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Top 5 Tips to Deal with Difficult Workmates

Updated on January 28, 2014

Introduction

During my years of full-time white-collar employment since 2007, I've certainly had my share of being confronted by difficult workmates and managers. In general, anyone who's worked long enough has been faced with this situation and while some situations can been dealt with peacefully and in an amicable fashion, others might not be easy with more extreme cases resulting in escalation of the matter to higher levels of management, intervention by HR or even unwanted attention from the media.

Nevertheless, dealing with stress which arises from handling difficult workmates, managers or even subordinates doesn't have to be too hard, if certain steps are taken to nip certain behaviors and traits in the bud.


The Silent Treatment

This is usually the preferred option for many people in an office rather than open conflict or confrontation to deal with a difficult workmate, especially when they're new to the company or the team.

Despite how some people might prefer dealing with a situation like this head-on, the silent treatment is sometimes a preferred option as it not only gives the indication that you're the bigger person than to get involved in someone else's squabble - but it also proves to your manager that you are watchful about how to behave within a work environment (especially if it is a corporate one).

Difficult workmates can be difficult due to many reasons - they're probably just having a bad day, are testing how well you cope under pressure, are probably bullies or are just plain insecure - ignorance can sometimes truly be bliss and is usually the healthier and smarter option in the long run.


The Quiet Confrontation

Sometimes, you'd realize that the difficult workmate or bully is not backing off despite your repeatedly ignoring him or her with the intent they'll get the message you're not interested in their childish mind-games - you should try to resolve the situation privately and without much noise.

Depending on your relationship with this workmate, a short and to the point e-mail or perhaps a quiet conversation outside the confines of your desks usually does the trick - in this way, the matter has the potential to be amicably resolved without the need to escalate it any further.

What this also does is also probably strengthen a strained relationship which might work for not only the 'victim' but also the 'bully' who'll begin coming to terms with who they've been,



Escalating to your boss

When you realize that plain ignorance or quietly confronting your difficult workmate to stop their quips is not producing the desired result, the next obvious choice will be to escalate the matter to your immediate manager (who might then escalate it to the workmate's manager if they belong to another team).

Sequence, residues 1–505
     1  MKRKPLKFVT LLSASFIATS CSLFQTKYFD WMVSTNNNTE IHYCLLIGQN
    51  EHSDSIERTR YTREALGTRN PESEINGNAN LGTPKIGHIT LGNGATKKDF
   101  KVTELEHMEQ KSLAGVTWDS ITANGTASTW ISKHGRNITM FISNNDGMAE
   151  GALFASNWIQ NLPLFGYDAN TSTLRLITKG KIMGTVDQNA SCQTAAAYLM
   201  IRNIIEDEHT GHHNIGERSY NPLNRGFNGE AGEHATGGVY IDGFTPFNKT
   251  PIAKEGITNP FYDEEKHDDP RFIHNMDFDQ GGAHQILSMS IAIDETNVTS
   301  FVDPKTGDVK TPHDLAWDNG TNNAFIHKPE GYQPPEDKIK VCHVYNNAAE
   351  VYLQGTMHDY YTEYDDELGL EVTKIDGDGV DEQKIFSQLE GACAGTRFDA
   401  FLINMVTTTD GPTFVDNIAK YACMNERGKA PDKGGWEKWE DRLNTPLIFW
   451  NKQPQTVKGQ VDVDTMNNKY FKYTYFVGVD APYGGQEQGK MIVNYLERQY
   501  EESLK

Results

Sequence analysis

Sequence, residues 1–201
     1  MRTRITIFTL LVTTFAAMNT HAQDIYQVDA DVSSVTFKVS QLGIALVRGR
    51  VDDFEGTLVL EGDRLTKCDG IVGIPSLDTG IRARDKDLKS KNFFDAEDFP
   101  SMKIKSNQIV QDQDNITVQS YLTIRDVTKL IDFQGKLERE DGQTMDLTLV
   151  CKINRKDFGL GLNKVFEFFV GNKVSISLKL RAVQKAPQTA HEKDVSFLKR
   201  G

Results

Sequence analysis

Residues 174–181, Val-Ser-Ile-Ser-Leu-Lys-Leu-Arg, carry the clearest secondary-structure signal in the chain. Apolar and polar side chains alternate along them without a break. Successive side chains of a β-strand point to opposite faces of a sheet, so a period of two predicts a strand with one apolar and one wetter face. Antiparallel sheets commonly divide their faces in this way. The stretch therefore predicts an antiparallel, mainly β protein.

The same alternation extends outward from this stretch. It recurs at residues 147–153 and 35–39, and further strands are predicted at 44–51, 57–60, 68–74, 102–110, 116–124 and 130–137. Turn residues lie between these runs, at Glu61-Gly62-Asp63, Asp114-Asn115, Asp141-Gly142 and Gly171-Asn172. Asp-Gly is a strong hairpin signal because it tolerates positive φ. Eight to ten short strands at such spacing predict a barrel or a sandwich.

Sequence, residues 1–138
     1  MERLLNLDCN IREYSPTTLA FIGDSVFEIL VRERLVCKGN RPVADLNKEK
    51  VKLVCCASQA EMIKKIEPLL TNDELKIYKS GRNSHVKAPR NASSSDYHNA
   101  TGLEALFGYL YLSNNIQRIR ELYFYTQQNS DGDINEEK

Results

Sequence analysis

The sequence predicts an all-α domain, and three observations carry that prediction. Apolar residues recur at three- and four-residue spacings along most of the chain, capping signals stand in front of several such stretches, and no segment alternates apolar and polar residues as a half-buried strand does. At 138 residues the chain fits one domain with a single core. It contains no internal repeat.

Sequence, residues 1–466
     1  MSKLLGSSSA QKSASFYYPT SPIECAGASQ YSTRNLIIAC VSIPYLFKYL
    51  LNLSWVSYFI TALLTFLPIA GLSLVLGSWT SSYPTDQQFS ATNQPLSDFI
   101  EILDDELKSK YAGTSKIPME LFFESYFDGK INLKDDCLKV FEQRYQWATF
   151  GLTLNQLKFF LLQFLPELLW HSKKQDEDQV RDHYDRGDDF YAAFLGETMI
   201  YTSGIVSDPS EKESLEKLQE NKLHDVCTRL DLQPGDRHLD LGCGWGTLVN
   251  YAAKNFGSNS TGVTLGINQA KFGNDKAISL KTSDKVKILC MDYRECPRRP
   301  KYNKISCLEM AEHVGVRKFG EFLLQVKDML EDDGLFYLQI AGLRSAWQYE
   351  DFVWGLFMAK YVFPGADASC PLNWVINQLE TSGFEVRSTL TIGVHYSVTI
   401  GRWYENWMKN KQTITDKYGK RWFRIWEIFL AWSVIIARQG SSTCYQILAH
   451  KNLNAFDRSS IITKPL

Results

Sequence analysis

This course of action should usually be used once you've exhausted more 'informal' approaches to resolve the situation as there're a few reasons why this tactic can backfire:

- Your boss, if not an objective person and shows favoritism towards certain colleagues including the one causing you grief, might not be very fair towards you in dealing with this situation

- Your boss might not be too sympathetic to how the issue might be personally affecting you and might just ask you to 'take it up the chin'.

- Your boss might, without any rhyme or reason, share the same feelings as your co-worker might about you and the escalation could mean further isolation.

If however, you are convinced that your manager is a decent person and will look at your situation objectively, you should by all means escalate the confrontation and bullying to them if it comes to the point you're unable to deal with it on your own terms.

Escalating to higher authorities or HR

Not a path I'd personally ever recommend taking, but not one you should completely ignore either.

Sometimes and in more rare cases one discovers that their plead for help is repeatedly going unnoticed and their attempts to resolve the matter using informal and diplomatic methods are also going in vain.

Ever noticed that your boss only seems to listen to and entertain certain people among your team despite all of you being equal? Ever noticed the boss refuses to acknowledge or hear what you're telling him or her? If these two situations or more sound at all familiar, there's a good chance you need to escalate the double standards and favoritism higher, possibly to higher levels of management or even HR - use the latter only if you have sufficient evidence that there's blatant unfairness taking place and make sure you document each and every moment you feel you've been treated or spoken to differently as you will be asked for sufficient proof of someone being difficult or unfair.